• Ben Stiller and Jeff Kahn met Andy Dick in Chicago. Kahn and Dick both had worked at, and both had been fired from, D.B. Kaplan’s deli there; Andy said he had been giving away soup; Jeff, for dropping something and yelling “Fuck! Fuck! Fuck!”
  • Andy Dick and Bob Odenkirk both were doing one-man shows in Chicago, and eventually began working together.
  • Andy Dick and Dino Stamatopoulous had performed together since college. Andy suggested Dino write for the show. His sample, became the TV sketch, “Skank.”
  • Janeane Garofalo met Bob Odenkirk when she was 25 at Catch A Rising Star. It was an SNL audition. “Even though I was just a stand-up then,” she said.
  • Janeane Garofalo met Andy Dick when “he crawled under my (toilet) stall and propositioned me.” She recalled thinking: “I thought you were gay!”
  • Apatow said he and Stiller met at Elvis Costello’s “Unplugged” concert. They knew HBO wanted a new sketch comedy series. Their initial premise starred Stiller as a college film professor lecturing his students, with a guest lecturer coming in each week to present new short films. HBO sold the pilot to FOX. They shot the pilot three times. Each time, they wrote and produced different wraparounds. “Finally the network said, ‘Just do something!'” Stiller said. They went simply with Stiller introducing new clips. “It was the opposite of Mr. Show. Not in any way inventive.”
  • The Ben Stiller Show was Apatow’s first real TV show. Before then, he said he had no resume — just two spec scripts (one for The Simpsons, one for Get A Life) and was making a living writing jokes for other stand-up comedians. “I literally had no skills,” Apatow said. “I was just scared much of the time.” He listened to self-help tapes, and he absorbed as much as he could in terms of producing and editing, and worked 15-hour days. He also wrote in parts in the sketches for his famous comedian employers. “I thought we’d get picked up if we had a lot of famous people on it,” Apatow said.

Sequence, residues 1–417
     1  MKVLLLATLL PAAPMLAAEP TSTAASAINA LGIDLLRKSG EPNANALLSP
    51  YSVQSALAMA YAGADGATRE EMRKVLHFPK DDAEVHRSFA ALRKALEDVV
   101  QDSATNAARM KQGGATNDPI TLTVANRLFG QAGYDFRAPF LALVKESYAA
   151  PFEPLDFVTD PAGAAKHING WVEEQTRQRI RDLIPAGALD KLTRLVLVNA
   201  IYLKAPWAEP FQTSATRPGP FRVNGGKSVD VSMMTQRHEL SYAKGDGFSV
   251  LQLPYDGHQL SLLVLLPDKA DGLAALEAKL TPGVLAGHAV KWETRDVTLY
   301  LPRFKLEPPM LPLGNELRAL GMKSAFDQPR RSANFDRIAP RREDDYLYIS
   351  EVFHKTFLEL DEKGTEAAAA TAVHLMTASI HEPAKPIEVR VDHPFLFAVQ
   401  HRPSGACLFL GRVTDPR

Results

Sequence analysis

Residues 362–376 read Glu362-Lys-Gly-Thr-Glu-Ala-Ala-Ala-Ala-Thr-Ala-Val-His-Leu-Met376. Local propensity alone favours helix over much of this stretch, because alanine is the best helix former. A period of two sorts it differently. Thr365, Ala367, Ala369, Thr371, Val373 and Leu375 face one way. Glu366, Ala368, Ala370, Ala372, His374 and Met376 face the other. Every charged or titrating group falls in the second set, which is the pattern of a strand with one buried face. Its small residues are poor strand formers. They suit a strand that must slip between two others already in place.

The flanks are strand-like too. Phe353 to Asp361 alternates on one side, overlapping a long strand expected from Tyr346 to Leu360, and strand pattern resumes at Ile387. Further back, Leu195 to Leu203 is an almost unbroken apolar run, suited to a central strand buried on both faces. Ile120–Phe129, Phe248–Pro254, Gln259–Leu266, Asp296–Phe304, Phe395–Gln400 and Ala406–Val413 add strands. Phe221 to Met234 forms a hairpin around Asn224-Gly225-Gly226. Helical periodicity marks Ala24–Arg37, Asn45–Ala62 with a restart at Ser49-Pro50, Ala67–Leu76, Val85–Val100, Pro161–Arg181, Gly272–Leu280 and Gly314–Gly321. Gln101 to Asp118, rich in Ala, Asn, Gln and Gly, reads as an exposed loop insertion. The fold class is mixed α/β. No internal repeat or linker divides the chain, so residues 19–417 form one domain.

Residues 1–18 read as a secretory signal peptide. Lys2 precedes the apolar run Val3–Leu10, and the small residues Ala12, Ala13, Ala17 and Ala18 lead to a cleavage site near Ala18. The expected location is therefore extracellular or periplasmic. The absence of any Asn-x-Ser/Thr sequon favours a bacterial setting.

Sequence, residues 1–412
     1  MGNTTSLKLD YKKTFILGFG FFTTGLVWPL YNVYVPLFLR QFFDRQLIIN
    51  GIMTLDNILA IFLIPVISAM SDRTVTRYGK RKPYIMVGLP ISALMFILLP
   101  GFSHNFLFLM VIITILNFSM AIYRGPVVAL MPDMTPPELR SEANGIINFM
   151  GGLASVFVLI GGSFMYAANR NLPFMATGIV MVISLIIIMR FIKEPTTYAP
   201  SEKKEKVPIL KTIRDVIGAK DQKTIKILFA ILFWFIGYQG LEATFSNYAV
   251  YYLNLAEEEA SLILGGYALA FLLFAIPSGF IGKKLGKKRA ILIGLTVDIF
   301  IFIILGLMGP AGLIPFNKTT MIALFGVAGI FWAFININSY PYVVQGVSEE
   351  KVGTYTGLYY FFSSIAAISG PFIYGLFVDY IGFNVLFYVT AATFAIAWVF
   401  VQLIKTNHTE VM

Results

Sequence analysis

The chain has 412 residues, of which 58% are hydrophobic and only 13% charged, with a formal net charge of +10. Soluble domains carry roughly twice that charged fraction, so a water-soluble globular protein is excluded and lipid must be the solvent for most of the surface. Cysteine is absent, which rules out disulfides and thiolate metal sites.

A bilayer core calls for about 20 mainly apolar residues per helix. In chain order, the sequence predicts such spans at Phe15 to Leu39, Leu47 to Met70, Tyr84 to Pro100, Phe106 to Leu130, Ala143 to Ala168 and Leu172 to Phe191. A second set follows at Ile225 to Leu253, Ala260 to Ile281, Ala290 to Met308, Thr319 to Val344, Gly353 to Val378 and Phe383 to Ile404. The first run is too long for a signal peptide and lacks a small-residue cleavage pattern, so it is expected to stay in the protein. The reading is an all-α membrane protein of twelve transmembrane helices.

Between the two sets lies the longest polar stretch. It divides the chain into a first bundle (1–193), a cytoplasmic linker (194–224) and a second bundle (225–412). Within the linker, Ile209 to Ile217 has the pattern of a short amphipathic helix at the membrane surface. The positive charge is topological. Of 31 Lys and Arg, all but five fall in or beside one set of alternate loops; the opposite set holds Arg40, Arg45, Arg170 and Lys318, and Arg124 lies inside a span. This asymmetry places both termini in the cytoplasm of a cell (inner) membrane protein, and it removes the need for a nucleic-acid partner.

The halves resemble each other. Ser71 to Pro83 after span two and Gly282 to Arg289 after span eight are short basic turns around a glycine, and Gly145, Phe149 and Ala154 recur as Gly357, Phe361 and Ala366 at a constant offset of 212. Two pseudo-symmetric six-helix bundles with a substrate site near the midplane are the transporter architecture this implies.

• When FOX demanded someone of a higher level be added to the writing staff, Apatow said they brought in Brent Forrester. Forrester hadn’t yet done much. “We created a fake resume for him and he was our high-level guy,” Apatow said. Forrester went on to write for The Simpsons, and become a writer/producer/director on The Office, among other projects.
  • Garofalo credits her role on The Larry Sanders Show and her acting career to The Ben Stiller Show. “I was just a stand-up until I was 27,” she said. “My aspiration was, I want to be George Carlin. I didn’t think I could do other things.”
  • Dino Stamatopoulos and Bob Odenkirk would join the writing staff of Late Night with Conan O’Brien.
  • Through Janeane Garofalo, David Cross joined The Ben Stiller Show, writing and appearing in the sketch, T.J. O’Pootertoots. Cross, of course, would stay connected with Bob Odenkirk for Mr. Show.
  • Andy Dick thought he was famous six episodes in on The Ben Stiller Show, Odenkirk and Cohen both noted. Not quite yet. That wouldn’t happen for a couple of years, when Dick went on to co-star in NewsRadio.

They also waxed nostalgic about several of their filmed sketches together…

Here is the debut episode in full. Roll it!

And this was the final episode to air, which included “A Few Good Scouts,” “Cops” in Medieval Times, Ben Stiller’s Music News with Marky Mark (Mark Wahlberg) and Casey Kasem; American Profiles: High-Tech Hillbillies, and The Legend of T.J. O’Pootertoot with David Cross.

Sean L. McCarthy

Editor and publisher since 2007, when he was named New York's Funniest Reporter. Former newspaper reporter at the New York Daily News, Boston Herald and smaller dailies and community papers across America. Loves comedy so much he founded this site.